Pastor Michael’s had told me to stop talking to my son. After the eighteen years I had raised him, I was too let it all go. I should have told that minister to go to hell but then again I had fears that that was where Henry was heading. It’s what I had believed and debated for most of my life. Never in the many days of my life had I entertained the idea that my son would one day take me aside after a long winded sermon and declare that he had a boyfriend. He must have seen the doubt in my eyes, but he continued to tell me that he had indeed engaged with this other young man. A young man who I had assumed was a good friend of his. This young man was a star player on the high school football team, so I naturally assumed that homosexuality would be the last thing on his agenda.
I went to Michael’s with this new revelation. I wanted to know what to do, I wanted to know if God would judge me for my son’s sins. I wanted to know if there was anyway to rescue the boy from himself and his choice to engage in the deplorable. He was sitting behind his desk and staring hard at me, and he told me the worst. He told me that it was indeed my fault. My faith was being tested, and my faith had been weak. In the years that my son was under my supervision and guidance I had failed to inform him the truth of Christ, and the cost of unfathomable sin. It wasn’t a conversation I thought I had to have with Henry. I replayed the warning signs in my head, thought about all of the overnight visits him and his friend Devin had eagerly put together. That wasn’t warning enough though. My own childhood played in my head and I had myself spent many nights hanging out with good friends and stripping down to nothing in order to keep our clothes dry to swim in the creek. There was nothing gay about that.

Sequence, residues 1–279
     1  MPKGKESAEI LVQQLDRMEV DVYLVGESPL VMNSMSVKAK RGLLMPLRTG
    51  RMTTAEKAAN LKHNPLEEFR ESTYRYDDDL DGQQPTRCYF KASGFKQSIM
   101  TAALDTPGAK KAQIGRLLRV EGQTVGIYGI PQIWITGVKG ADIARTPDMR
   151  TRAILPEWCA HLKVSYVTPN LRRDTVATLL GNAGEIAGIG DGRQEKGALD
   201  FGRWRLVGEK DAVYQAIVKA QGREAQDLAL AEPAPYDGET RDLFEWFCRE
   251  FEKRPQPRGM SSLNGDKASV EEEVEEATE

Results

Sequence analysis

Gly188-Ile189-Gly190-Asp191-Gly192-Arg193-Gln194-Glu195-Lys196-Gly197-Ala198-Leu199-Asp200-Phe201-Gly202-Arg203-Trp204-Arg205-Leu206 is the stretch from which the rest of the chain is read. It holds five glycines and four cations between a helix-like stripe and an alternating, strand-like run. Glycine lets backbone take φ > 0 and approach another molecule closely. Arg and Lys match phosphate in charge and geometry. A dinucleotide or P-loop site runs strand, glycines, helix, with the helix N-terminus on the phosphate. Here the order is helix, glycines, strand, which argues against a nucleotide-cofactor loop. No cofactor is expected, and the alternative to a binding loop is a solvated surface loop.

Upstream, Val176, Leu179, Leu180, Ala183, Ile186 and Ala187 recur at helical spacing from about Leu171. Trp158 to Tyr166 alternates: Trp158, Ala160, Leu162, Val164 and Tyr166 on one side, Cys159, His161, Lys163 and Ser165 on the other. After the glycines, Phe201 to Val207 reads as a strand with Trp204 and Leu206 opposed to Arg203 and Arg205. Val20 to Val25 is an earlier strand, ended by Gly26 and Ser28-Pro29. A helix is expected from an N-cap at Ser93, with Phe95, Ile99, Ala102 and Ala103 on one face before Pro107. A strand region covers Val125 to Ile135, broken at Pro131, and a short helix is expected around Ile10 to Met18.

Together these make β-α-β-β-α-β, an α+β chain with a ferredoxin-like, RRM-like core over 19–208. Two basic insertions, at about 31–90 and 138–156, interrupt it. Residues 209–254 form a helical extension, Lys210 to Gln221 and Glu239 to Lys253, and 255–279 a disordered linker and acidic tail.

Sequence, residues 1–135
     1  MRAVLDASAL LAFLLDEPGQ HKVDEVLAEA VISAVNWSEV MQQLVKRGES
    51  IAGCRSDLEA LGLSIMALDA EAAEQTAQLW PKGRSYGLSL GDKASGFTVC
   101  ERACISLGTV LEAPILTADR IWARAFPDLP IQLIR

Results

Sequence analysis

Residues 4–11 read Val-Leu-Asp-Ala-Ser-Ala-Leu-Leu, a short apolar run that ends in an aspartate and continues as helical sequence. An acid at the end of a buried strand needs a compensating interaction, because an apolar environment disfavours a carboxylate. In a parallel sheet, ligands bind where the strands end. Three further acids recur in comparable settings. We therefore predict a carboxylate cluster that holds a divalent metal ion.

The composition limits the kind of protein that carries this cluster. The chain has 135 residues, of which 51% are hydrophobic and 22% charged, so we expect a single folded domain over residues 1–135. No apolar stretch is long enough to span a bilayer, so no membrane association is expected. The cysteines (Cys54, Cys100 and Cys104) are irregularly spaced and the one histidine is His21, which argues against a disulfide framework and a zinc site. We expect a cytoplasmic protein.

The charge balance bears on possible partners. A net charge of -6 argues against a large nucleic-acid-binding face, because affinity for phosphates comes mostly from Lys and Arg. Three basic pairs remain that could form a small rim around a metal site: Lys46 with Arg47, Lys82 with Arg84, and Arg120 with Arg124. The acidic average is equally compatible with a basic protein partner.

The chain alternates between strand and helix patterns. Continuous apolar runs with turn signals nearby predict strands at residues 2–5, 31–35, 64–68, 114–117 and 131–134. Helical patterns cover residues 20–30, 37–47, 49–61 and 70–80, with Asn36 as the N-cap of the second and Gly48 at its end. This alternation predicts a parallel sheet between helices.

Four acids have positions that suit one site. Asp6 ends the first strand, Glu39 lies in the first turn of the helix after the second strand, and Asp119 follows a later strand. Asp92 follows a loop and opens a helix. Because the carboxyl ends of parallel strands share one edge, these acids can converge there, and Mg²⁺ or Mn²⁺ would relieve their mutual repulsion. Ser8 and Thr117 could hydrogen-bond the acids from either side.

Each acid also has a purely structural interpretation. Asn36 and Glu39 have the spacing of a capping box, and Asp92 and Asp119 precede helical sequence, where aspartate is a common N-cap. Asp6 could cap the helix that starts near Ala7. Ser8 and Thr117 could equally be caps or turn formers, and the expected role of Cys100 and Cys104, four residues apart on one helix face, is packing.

Michael’s counseled me on several visits. Told me my faith would be rewarded if I just studied the scripture, got more involved with the church. I did just what he said. My son was condemned to hellfire and brimstone. An eternity of torturous torment for this dive into debauchery. I attended our Wednesday night classes, and made Henry go to his youth group which did not take much convincing. He was unashamed of what he was doing, he gladly interacted with the people he’d known since childhood but it was only because they were none the wiser. My child had confided in me, his father, but not into his good friends on those late nights.